Issue 24: Why Sports Matter
One ignored reason. Plus, Philip Roth, adding to the work stuff, and more.
Hello. Here’s what’s up:
Writing about sports as a shared text (because, Super Bowl);
Looking down on nonreaders; and
Reading Philip Roth and a business classic.
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1. Why sports matter
The NFL season, as you know, winds down by peaking. Following last weekend’s conference championships games, pretty much everyone now sets up for the Super Bowl at the end of next week. For such occasions, I offer a reason why the big games, along with other sports, matter.
This past weekend, I changed hats. And I don’t mean proverbially.
You’ve no doubt heard older people reference listening to Elvis or watching John Wayne or seeing literally anyone on the Ed Sullivan show. Maybe you talk about listening to Elvis or watching John Wayne or seeing literally anyone on the Ed Sullivan show. Aside from the Mad Men fashion, an aspect of that era I’ve found interesting as long as I can remember is the way in which American social life seemed largely shared.
Several factors contribute to this aspect, no doubt. Up until relatively recently, options for media consumption were pretty limited in the first place. And history almost always makes the mainstream look more like the only stream. Still, to a far greater degree than today, life back then meant, at least in part, knowing the goings on in the Ricardo family and tracking the adventures of The Boxcar Children, assuming the best of Walter Cronkite’s motives and, love them or hate them, having an opinion on the Beatles.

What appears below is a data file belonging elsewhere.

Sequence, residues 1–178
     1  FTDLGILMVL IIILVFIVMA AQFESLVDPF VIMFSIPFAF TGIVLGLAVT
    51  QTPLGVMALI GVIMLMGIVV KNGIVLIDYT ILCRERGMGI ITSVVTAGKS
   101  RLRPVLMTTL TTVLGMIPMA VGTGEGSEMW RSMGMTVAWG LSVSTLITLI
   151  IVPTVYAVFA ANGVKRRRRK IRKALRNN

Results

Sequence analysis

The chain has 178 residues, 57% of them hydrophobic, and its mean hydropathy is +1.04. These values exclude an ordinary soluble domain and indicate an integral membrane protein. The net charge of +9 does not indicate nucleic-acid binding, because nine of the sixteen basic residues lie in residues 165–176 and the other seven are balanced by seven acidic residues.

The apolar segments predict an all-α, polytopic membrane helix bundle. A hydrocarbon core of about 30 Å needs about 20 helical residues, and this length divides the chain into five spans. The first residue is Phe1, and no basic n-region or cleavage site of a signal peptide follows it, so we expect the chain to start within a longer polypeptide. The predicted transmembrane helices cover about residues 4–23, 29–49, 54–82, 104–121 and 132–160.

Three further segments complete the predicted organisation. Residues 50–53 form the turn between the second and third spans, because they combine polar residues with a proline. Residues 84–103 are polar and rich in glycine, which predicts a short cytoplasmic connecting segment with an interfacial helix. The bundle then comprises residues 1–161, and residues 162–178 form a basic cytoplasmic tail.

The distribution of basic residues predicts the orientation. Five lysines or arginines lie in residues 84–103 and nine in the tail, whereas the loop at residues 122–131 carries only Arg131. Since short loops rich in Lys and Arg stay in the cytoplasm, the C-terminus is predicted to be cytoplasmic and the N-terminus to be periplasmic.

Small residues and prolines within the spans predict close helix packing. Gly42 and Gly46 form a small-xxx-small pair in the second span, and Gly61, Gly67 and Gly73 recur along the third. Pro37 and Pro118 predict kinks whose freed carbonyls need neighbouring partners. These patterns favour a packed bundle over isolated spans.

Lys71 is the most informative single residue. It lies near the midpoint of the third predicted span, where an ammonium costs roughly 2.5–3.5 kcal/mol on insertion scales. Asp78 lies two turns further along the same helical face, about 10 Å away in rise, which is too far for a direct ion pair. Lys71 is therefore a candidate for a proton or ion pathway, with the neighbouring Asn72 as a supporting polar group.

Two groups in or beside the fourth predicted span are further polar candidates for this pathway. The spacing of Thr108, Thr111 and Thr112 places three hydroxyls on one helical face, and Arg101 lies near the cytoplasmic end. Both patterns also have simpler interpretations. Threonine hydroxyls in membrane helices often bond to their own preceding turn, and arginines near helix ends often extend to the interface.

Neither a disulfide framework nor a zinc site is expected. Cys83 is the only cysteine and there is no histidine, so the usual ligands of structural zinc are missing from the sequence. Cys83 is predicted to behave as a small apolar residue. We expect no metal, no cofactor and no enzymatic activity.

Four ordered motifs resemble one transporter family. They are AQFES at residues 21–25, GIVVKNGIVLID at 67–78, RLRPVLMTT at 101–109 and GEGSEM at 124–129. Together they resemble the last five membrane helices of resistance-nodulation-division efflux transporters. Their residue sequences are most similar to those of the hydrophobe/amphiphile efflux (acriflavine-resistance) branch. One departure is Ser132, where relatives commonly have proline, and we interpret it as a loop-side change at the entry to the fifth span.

Now, don’t confuse my interest with nostalgia. I’ve seen Midnight in Paris, and I know the Wayne-Elvis decades toted as many problems as any. I’m not old enough to miss the bygone era, but I am curious about a society where friends and strangers, political opponents and people from across the country, broadly experience the same stories, true and fictional, at the same time and in relation to, and regardless of, real-world experiences.
I’m old enough to know some of that. Practically everyone around me in the mid-’00s followed The Office in real time. I remember the hubbub around Seinfeld’s worldwide event of a finale, but I’m still too young to remember the show pre-syndication. It’s the same with Friends. I remember the lines of kids at Barnes and Noble, Boarders, and Walmart waiting in the 11 o’clock hour for the next Harry Potter release, and I remember how the vocabulary and characters of the Wizarding World felt familiar, even for those who hadn’t read the books. I, for example, read the Potter books as an adult — which carried along some pros and cons — and my general impression was something like meeting the mutual friends you’ve heard about for so long.
Enter: cable news and streaming content.
I’ve yet to find a clear explanation of how the streaming revolution affects reading, but it seems almost axiomatic, doesn’t it? The Potter books, along with the embarrassingly successful 50 Shades series, were the last book(s) that we could talk about as being read by “everyone.” The Office, maybe, but more likely Friends was the last show “everyone” watched in real time. You and I could definitely quibble about the particular show or moment or bit of tech that made this happen, but it’s clear that the proliferation of on-demand, identity-based, any-time-anywhere stuff effectively stripped contemporary American society of shared stories, shared texts.
Except for one part.